The word “tier” is used frequently in the context of data centers. As we explained in a previous blog post, data center facilities are ranked by Tier depending on their infrastructure and redundancy. But tiers are also used to describe the resources and infrastructure of a virtual machine or server, and are often mentioned in billing or application deployment. This post aims to clear up any remaining confusion over the two types of tiers.
It’s critical to secure your company data and systems to protect them from ever-present cyber-thieves. With more data continuing to move to the cloud, those services become attractive targets and attacks will increase. Here are four security best practices for cloud hosting to follow in order to help ensure your important information is protected, including how to augment your data center service provider’s security and how to evaluate their security controls.
Many data centers advertise themselves as a specific Tier, based on a scale from I – IV. But these classes are generally poorly defined and in many cases misused. Case in point: Green House Data recently exhibited at an industry event in Denver. A man walked up to the table and started asking about the company’s data centers. “You guys are up in Cheyenne, right?” he said, “What kind of facility? Tier II? Tier III?”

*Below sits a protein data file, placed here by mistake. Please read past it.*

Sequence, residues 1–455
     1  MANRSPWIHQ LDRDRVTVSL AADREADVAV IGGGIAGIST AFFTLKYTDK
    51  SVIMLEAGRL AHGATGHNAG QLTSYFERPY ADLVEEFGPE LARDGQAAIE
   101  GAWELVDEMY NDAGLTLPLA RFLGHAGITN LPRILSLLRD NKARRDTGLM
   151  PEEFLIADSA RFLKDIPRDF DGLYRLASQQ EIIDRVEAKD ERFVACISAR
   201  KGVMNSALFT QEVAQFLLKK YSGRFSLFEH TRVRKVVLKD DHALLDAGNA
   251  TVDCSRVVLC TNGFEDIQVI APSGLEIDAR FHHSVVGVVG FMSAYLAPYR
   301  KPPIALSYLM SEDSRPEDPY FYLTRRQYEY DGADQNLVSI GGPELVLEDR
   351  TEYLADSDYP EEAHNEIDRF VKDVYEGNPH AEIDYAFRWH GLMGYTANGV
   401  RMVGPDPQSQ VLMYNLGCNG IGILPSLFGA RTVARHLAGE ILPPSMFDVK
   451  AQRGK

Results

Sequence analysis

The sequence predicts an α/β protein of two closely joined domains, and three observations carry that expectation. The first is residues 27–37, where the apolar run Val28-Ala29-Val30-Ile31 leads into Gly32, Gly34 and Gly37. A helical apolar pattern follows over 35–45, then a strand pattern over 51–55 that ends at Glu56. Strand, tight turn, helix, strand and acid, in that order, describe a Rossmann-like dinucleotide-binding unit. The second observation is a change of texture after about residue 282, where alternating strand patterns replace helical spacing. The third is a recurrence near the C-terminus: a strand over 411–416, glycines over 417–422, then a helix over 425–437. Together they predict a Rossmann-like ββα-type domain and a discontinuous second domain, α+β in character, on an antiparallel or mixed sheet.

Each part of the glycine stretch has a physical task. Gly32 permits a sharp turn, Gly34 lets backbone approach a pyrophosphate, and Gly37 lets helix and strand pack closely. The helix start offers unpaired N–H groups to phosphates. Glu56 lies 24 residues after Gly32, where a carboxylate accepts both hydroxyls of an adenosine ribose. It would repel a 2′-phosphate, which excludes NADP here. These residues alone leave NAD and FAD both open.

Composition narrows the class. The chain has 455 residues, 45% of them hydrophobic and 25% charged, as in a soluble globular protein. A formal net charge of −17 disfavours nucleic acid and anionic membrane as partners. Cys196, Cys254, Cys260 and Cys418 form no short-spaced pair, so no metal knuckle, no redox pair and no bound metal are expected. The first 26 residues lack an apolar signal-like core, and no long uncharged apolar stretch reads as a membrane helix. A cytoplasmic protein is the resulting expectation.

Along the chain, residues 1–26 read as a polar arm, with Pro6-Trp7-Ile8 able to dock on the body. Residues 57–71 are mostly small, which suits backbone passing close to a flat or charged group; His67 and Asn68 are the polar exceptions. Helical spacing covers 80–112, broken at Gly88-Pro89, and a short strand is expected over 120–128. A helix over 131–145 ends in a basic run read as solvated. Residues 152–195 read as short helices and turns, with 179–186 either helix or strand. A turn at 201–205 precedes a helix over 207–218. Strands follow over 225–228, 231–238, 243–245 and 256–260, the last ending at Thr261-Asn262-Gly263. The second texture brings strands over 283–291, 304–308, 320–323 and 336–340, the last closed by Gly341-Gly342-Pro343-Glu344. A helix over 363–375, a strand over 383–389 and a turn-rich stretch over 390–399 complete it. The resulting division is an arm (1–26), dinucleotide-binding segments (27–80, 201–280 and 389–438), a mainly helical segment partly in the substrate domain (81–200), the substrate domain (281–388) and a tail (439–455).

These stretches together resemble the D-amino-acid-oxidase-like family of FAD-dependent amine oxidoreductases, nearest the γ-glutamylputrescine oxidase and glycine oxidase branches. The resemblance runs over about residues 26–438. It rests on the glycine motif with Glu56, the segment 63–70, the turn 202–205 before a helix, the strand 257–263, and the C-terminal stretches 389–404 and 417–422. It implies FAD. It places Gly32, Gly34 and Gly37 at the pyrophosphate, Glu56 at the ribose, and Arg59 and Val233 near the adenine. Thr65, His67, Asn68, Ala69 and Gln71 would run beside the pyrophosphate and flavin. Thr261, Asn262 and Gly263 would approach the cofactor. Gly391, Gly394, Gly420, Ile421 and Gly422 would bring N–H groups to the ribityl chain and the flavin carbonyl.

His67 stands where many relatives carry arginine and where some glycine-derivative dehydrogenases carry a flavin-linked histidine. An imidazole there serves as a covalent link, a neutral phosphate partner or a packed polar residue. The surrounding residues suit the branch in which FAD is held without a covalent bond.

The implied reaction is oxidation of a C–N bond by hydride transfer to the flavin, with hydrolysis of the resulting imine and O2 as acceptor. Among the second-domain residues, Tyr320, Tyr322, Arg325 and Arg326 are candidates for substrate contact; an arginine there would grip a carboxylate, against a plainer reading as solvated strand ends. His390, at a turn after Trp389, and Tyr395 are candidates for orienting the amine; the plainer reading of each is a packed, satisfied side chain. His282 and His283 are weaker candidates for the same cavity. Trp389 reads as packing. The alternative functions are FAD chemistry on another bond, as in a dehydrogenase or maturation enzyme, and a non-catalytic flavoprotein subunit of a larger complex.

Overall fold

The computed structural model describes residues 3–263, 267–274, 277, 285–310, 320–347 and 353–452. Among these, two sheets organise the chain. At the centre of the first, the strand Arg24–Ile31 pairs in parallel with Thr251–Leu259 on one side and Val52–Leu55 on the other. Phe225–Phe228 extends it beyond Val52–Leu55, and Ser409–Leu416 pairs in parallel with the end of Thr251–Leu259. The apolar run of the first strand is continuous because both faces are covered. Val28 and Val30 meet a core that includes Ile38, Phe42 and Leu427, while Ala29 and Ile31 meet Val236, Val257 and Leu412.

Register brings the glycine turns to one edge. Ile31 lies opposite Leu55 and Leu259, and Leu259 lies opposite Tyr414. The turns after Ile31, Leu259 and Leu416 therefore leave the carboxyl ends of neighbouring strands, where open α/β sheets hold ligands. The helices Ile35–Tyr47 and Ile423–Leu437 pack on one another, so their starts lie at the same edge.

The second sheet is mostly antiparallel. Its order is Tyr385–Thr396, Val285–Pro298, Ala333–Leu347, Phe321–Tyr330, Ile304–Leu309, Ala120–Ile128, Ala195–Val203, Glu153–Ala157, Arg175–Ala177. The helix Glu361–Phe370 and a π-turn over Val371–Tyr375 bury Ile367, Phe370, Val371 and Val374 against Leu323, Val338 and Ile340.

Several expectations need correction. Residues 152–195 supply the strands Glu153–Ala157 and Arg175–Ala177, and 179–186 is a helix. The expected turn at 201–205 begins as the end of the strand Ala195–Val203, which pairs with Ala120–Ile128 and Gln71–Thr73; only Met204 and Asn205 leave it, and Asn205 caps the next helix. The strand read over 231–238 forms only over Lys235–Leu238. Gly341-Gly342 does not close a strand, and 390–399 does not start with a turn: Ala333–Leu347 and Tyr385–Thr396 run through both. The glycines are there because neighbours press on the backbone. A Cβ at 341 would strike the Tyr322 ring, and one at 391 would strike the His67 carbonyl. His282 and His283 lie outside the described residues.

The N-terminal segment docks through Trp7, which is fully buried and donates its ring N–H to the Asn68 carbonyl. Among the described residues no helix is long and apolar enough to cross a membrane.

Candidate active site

Your business may already be using some cloud-based applications, such as Salesforce.com or Dropbox, and maybe you’re contemplating moving even more of your infrastructure to the cloud. There are definite benefits of a cloud-based infrastructure including flexibility, guaranteed performance SLAs, regulatory compliance, shifting CapEx costs to the OpEx budget, and, depending on what type of data center service provider you choose, a greener footprint. Here are five positive aspects of making the cloud your primary technology infrastructure.
Although IT executives like the benefits of hybrid clouds, they also have concerns about application and data security. IDG Research found 47% of IT executives are considering investing in hybrid clouds, because they can scale up or down quickly based on bandwidth needs. However, they’re also very concerned about hybrid cloud security issues like data loss or leakage (78%), insecure interfaces and APIs (77%), and account or service hijacking (76%) .
To get an insider’s view about these issues, we interviewed Cortney Thompson, Green House Data Chief Technical Officer for his thoughts.